Exploring the First principles of Flip-Flops was very interesting but going back to the basic/classic "Eccles & Jordan" configuration (with 2× PNP or NPN) proved the weakness of the approach. The previous log I don't know why it works shows that metastability creates countless problems : it is very sensitive to initial conditions, operating conditions and parts values tolerances. I don't want to make a circuit that requires fine tuning and works only at a given frequency !
Metastability is when both transistors in the pair conduct. This is a third state of the flip-flop and under certain precise conditions, I would get a flip-flap-flop circuit, for who knows what reason. I tried my best to avoid the metastability but it's a systemic, fundamental flaw of this circuit and even adding parts, or using Ge transistors, the problem still lurks somewhere.
So I went back to some ideas from the earliest log From MUX to Latch and took a second look at the "SCR" approach. And this time I did it right :-)
The basic SCR-latch has 4 resistors and 2 transistors. The only drawback is the complementary configuration : one PNP and one NPN... OTOH it doesn't suffer from the metastability plague and always powers up/initialises properly in "off" state !
The power draw is easy to control, by changing the resistors. I have put "no-brainer" values, with 1K the basic for medium currents. By default I choose 3V for the power supply, because I want to power it with a pair of AA batteries. A higher value has been used for the base NPN's pull-up so it is more sensitive to setting but it is not critical. The values will be adjusted for each application, with an appropriate compromise between speed and power consumption. Slower circuits will use higher resistors.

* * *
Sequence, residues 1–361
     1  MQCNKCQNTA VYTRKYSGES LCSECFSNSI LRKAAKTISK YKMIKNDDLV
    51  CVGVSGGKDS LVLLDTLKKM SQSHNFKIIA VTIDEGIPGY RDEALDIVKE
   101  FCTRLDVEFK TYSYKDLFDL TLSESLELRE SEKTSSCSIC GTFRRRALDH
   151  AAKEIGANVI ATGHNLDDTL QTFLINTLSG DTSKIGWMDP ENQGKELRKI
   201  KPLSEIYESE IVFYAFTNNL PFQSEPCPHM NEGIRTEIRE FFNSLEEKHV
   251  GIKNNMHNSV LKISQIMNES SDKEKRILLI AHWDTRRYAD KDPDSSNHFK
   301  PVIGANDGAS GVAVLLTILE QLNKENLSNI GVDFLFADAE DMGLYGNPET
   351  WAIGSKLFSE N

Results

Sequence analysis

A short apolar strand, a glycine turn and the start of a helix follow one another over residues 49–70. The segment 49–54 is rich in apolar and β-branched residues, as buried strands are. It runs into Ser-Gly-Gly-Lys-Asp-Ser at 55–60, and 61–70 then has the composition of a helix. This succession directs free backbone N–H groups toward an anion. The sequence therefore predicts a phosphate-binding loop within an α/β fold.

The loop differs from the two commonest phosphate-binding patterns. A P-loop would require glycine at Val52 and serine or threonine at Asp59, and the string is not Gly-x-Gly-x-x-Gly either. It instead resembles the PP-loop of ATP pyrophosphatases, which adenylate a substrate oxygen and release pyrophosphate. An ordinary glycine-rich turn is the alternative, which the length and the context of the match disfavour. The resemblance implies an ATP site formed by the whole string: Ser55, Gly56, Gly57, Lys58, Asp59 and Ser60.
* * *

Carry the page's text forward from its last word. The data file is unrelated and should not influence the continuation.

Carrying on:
This circuits is reminiscent of the one discussed at 17. Another interesting BJT DFF circuit so I wanted to try the single-BJT circuit for transferring information from the last stage. Previously I used a different system, where I power the flip-flop selectively but I fear this wouldn't work at high enough speeds. However, a transistor can also be used in controlled ways as an almost bidirectional pass gate !
It is also reminiscent of the TTL gates input circuits, with the added trick that it is controlled by a signal, and not permanently pulled up by a resistor. And swapping the emitter and collector doesn't seem to make any difference.
In fact the BJT can be seen as a pair of diodes so the current from the base can go to the collector and/or the emitter (with more or less chance) IF the base is at a high enough potential. With some luck there is even some amplification :-)
Here the goal is to pull or push current through the base of the slave FF. The direction will depend on the potential of the "source" of current (the master). I found that I had to put a diode to prevent the slave from controlling the master FF...
Here is the link :-)
The latch is really transparent when the clock pulse is high so this is easily transformed into a DFF by adding the pass gate at the input of the M/s pair.
(full source in the description of the video)
Now is the time to turn it into a clock divider...
This circuit should it :
But I'm looking for a trick to perform the inversion, without the extra NPN...
Anyway, it's already good enough for a simple shift register :-)
In the last video, I saw that the 3.9K pull-up was not required. But that was not the end of it ! I'm now trying to design another system with 3 PNP and 3 NPN though it's very tricky but the potential savings are significant.
Now I wonder where/how I can find enough NPN in germanium...